There is no direct configuration in the maven-compiler-plugin to do that. The parameters passed are for the whole execution, so passing -Xlint:all would apply to all sources to compile.

The solution here is to compile it in two pass: first pass would compile the generated sources without any lint check, and the second pass would compile your project sources (that might depend on the generated classes). Again, the Compiler Plugin doesn't offer a way to specify a path to sources to compile: it compiles all of the sources of the current Maven project.

You have 2 solutions: use 2 executions of the Compiler Plugin with includes/excludes or split this in 2 modules.

Include/Exclude

The idea is to have 2 executions: one that would exclude your main classes (and compile the generated ones), while the other execution would include them. Note that the inclusion/exclusion mechanism works on the fully qualified name of the classes, not the directory structure; so you can't exclude src/main/java.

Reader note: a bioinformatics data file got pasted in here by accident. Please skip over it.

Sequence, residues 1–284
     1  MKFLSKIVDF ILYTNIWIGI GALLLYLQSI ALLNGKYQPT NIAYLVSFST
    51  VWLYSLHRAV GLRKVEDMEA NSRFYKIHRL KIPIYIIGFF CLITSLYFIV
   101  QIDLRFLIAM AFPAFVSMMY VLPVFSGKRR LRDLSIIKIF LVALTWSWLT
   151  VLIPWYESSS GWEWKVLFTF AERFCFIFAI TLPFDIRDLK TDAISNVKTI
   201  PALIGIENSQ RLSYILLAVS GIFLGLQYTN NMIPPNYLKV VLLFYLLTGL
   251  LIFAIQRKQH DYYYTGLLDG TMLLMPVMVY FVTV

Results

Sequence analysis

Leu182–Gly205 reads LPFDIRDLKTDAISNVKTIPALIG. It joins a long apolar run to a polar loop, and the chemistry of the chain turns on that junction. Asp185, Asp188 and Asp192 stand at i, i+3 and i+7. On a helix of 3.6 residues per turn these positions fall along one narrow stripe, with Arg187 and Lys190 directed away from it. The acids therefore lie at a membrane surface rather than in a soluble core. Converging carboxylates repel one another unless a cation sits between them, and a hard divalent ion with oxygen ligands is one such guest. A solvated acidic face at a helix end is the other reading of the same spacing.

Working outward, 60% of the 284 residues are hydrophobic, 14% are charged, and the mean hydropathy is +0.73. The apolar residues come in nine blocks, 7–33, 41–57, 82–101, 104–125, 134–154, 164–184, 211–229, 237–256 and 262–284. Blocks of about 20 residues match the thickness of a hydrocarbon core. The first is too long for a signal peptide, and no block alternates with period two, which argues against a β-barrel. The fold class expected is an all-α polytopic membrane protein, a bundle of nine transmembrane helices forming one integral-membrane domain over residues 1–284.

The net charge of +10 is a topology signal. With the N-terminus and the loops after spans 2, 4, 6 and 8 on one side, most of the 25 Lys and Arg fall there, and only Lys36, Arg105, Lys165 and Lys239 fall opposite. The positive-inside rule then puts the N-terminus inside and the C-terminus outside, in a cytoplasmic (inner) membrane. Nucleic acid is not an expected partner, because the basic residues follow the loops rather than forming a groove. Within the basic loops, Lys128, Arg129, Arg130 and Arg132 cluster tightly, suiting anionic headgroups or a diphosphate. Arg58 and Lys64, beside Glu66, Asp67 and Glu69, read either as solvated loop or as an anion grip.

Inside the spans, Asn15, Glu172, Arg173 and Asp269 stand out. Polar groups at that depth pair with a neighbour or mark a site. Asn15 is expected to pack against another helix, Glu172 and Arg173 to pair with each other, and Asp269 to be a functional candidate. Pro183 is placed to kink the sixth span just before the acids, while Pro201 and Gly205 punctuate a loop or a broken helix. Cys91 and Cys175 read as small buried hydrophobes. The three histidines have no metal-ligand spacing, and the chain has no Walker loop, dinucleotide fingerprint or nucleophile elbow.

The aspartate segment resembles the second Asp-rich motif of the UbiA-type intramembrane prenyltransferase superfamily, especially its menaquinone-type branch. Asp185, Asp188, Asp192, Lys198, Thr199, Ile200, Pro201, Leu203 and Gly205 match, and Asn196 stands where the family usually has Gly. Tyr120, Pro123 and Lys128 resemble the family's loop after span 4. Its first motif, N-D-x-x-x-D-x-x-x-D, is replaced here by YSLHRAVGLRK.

Assuming all of your main java source files are under the my.package package, you can have:

<plugin>
  <artifactId>maven-compiler-plugin</artifactId>
  <version>3.5.1</version>
  <configuration>
    <source>${java.version}</source>
    <target>${java.version}</target>
  </configuration>
  <executions>
    <execution> <!-- this execution excludes my main sources under my.package -->
      <id>default-compile</id>
      <phase>compile</phase>
      <goals>
        <goal>compile</goal>
      </goals>
      <configuration> <!-- no lint check -->
        <excludes>
          <exclude>my/package/**/*.java</exclude>
        </excludes>
      </configuration>
    </execution>
    <execution> <!-- this execution includes my main sources under my.package -->
      <id>compile-main</id>
      <phase>compile</phase>
      <goals>
        <goal>compile</goal>
      </goals>
      <configuration> <!-- adds lint check -->
        <includes>
          <include>my/package/**/*.java</include>